A lack of significant ones has been a cause of disappointment for Khawaja

Usman Khawaja is relieved to reach triple digits following conversion problems

Usman Khawaja was able to celebrate a century at the SCG for the third time in his last three Test innings. Despite having spent the previous two nights at 195 without losing and hoping for the opportunity to score a first double-ton, he was relieved to reach that milestone after a difficult campaign.

Khawaja had consistently played for Queensland in the Sheffield Shield and later against the West Indies, but he had not been able to convert one of his five half-centuries into a more significant contribution. 

He nevertheless finished 2022 with more than 1000 Test runs, and at the start of the new year, he had finally cashed in.

I’ve played some really good cricket this year and haven’t cracked a hundred,”

he said.

“Got three 50s in the Shield in consecutive games then got a couple of 50s at the start of the Test tour. 

Then a diabolical wicket at the Gabba and we won which was fine, and missed out last game. More of a personal battle when I get to fifty, continuing the process and seeing how long I can continue for. To get that reward was a nice feeling, I feel like I’m doing all the right things.”

Khawaja found it challenging to draw comparisons between this years’ experience and his return hundreds against England because the latter opportunity had come so unexpectedly. 

But as he nears the end of his career, he is still in a good place where he is batting calmly and enjoying the atmosphere that captain Pat Cummins and coach Andrew McDonald have built for the Test team.

Best environment I’ve been in,”

“I haven’t done a warm-up in about seven Test matches. Nothing hurts you more than a warm-up. Think it’s added two more years to my career, 100%. Ron’s been great about that, so has Patty. 

It’s those small things that have really helped the environment. I used to find it really intense and it used to take a lot of mental energy, all the, I call it the fluff, the box ticking. Since I’ve been back there really hasn’t been any of that. It has really opened up a lot of space in the mind.”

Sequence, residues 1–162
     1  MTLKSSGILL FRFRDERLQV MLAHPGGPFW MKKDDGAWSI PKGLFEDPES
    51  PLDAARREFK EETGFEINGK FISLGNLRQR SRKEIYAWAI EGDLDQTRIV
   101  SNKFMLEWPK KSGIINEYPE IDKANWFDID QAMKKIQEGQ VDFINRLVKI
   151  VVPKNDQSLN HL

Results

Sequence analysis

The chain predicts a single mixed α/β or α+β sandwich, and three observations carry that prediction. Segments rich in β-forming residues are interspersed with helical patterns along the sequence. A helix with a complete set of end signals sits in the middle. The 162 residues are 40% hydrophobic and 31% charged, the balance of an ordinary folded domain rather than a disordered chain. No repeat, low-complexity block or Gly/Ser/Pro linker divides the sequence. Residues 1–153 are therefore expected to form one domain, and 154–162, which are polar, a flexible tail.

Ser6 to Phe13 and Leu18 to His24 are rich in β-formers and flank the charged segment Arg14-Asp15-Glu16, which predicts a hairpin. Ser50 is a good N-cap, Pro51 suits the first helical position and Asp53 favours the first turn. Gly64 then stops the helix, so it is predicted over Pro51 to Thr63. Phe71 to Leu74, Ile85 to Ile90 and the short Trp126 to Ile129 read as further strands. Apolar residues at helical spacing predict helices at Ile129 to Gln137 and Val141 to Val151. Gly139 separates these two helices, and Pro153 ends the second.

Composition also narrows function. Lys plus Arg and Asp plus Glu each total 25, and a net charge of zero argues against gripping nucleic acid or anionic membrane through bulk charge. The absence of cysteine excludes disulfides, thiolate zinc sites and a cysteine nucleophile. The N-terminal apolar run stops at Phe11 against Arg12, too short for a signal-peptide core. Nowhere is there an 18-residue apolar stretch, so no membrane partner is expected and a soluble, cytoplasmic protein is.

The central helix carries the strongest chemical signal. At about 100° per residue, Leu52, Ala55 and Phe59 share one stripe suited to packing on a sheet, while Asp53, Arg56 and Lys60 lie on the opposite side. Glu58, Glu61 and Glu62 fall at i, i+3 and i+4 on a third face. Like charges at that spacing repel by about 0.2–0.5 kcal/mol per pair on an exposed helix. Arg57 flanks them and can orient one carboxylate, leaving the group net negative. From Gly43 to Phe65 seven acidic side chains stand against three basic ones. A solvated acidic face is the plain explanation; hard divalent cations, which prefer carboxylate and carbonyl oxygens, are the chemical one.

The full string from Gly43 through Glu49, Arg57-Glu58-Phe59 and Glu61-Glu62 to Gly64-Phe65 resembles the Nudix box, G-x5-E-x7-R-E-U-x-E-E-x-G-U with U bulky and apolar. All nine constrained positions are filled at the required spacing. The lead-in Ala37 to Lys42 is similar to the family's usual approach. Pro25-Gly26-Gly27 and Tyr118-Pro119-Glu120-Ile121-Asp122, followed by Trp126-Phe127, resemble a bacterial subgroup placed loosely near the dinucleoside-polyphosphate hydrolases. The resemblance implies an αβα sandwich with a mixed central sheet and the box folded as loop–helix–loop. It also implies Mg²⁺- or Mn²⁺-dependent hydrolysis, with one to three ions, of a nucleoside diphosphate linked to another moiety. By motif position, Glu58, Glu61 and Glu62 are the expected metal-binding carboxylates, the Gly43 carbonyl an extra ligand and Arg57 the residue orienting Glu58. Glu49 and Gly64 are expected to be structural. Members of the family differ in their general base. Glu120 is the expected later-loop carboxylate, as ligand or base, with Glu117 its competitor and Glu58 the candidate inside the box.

Khawaja performed another of the dance-move celebrations that he unleashed against England after casting a glance up at the heavens when he reached his hundred.

Religion is a big part of my life…my family and religion are the two most important things in my life,”

“I keep the religious thing pretty private and do my own thing. The celebrations after it, I always enjoy bringing a bit of colour to Test cricket, both figuratively and literally.”

He is anticipating the upcoming tour of India and feels that he is doing “as well as ever” against spin, but he was hesitant to draw comparisons between the SCG’s conditions, which have been moderated by the rain, and those that Australia would encounter there. 

He has many happy memories to pull on, including his triumph in Pakistan last year, the runs he achieved on the 2019 one-day tour when he was Player of the Series, and for Australia A.

There’s no guarantee in cricket, I could get eight ducks in a row, but I know a process that works for me,”

Regardless of whether Khawaja gets the chance to cross 200 — the odds suggest he will, as Australia looks to extend the follow-on target barring a further rain delay on day four, which is possible.

South Africa will have a difficult task to bat for the better part of two days to win the game, as they have only reached 200 once in their last eight innings. However, they have been asked to learn from Khawaja’s example.

You can easily go into that mindset of just trying to survive…in comparison to still being in a positive mindset, that doesn’t mean you need to be reckless,”

batting coach Justin Sammons said

“What Khawaja has done so well is to stay in his game plan. He was positive, but scored within his game plan, thinking that will be key for us. We’ve still got this game then two against the West Indies to finish our season and we want to take as much confidence going into that series as we can.”